had the care of him. afraid she would set che house on Dr. Monroe concurred in Dr. fire, and that fix guineas a quarter Battie's opinion, that private madwere paid for her maintenance. houses ought to be under proper inThat others were admitted for fpection, and that many persons, drunkenness, and other reasons of not mad, nor pretending to be the same kind, alledged by those mad, are, and have long been, conwho brought them.

fined in them. It appears also, that the persons The committee also declare, that confined in this house were denied the enormities committed at Turthe ufe of pen, ink, and paper, and lington's are not fingular, his house secluded from all commerce with not being a select case, but only of the world, being constantly denied, fering in the course of enquiry, with if any enquiry was made after them many others, that it was not thought at the house. In this house not one necessary to go into the exmination person had been admitted as a la- of, as the facts already ascertainnatic during fix years past; and ed are sufficient to ground their King, who was deputed by Turling- opinion upon, viz. that the present ton, declared, upon his examina- state of private mad-houses requires tion, that if tu o persons had come the interpofition of the legislature. to the house, one calling herself the In pursuance of this report, a mother of the other, and charge bill was ordered to be brought into ing the supposed daughter with the house for that purpose. drunkenness, he should have ad For many extraordinary partimitied and confined the person foculars relating to persons confined


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by Turlington at Chelsea, and pieces of cannon, and lay their arms Miles at Hoxton, the reader is re at general Amberit's feet; proferferred to the report itself.

ing at the same time they had no pique at him or their officers, whoin

they loved and esteemed, but that Ar account of the Mutiny at Quebec it was imposible for them to live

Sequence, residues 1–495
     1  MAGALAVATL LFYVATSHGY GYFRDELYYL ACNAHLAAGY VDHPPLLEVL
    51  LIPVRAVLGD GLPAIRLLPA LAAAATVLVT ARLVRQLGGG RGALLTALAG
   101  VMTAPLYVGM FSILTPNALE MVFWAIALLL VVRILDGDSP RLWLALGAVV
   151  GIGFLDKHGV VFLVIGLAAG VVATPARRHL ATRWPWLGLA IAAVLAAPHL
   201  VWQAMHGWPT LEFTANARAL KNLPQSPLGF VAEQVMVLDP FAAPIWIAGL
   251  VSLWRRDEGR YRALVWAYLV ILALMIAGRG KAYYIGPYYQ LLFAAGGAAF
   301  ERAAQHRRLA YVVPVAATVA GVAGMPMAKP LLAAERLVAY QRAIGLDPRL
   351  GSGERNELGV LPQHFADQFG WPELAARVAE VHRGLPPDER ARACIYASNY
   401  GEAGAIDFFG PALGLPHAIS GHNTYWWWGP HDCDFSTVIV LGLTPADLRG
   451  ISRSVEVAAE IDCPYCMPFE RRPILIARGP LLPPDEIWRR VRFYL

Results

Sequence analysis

on the 18th of September 1763, by without their provisions. an officer of that garrison.

All the officers of the garrison

had now joined the governor, and N the 18th of Sept. in confe- the town major, lieutenant Mills of

sequence of orders received the 49th regiment, had prudently, from the commander in chief in with the few men that Itaid with America, general Murray gave out him, shut the gates. Though ide orders to itop four-pence sterling soldiers appeared mad with rage, not for each ration of provisions to be one man being drunk, and had ai. issued to the troops under his com- ready struck several officers, yet the mand, the 15th, 27th and 2d bat- governor lucceeded so far as to keep talion of the 60th regiment.

them together, and by that means, This order being made known in all probability, prevented the to the soldiers, that very evening, town from being plundered, to which immediately after roll calling, they the darkness of the night was at that assembled to a man, but without hour but 100 favourable. Farms, and paraded before the gover By the urgent sollicitations of nor's house. Before they saw him, the officers, who exerted themsome of the English merchants hav- selves to the utmost on this occaing the boldneis to reproach them fion, the soldiers were at lait prefor this behaviour, they began to vailed on to march to the grand pelt them with stones; some of- parade, where the governor adficers interfered and drew their dressed them file by file, and did {words, on which the soldiers ran in all he could to appeale them, but a tumultuous manner to their bar- in vain. They obftinately peruitracks, took their arms, and march- ed, that they would not submit to ed in good order, with drums beat- the stoppage of provisions, but still ing, towards St. John's Gate. made proteltations of loyalty, and

They were met by the gover- of perfonal regard to their officers : oor, who, in the beginning of the and when the governor ordered tumult, had in vain endeavoured to them to march to their barracks, and assemble the piquets. He came then behave as soldiers ought, till their from visiting the guards, and was grievances were laid before the attended only by a few officers and commander in chief, they obeyed, Terjeants, with whose assistance he repeating their declaration, that opposed their going any further. En: they would not ferve without proraged at this stop, some of the music vifions. The remainder of the neers fired their pieces, but happi- night all remained quiet. ly no mischief was done. Notwith Next day the guards mounted landing the repeated instances of the in good order, as dual. General governor, they would not hear him, Murray called rogether the com. but loudly declared their resolution miffioned and non-commiflioned of. to march to New York, with two ficers, to whom he repreienied the


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their country.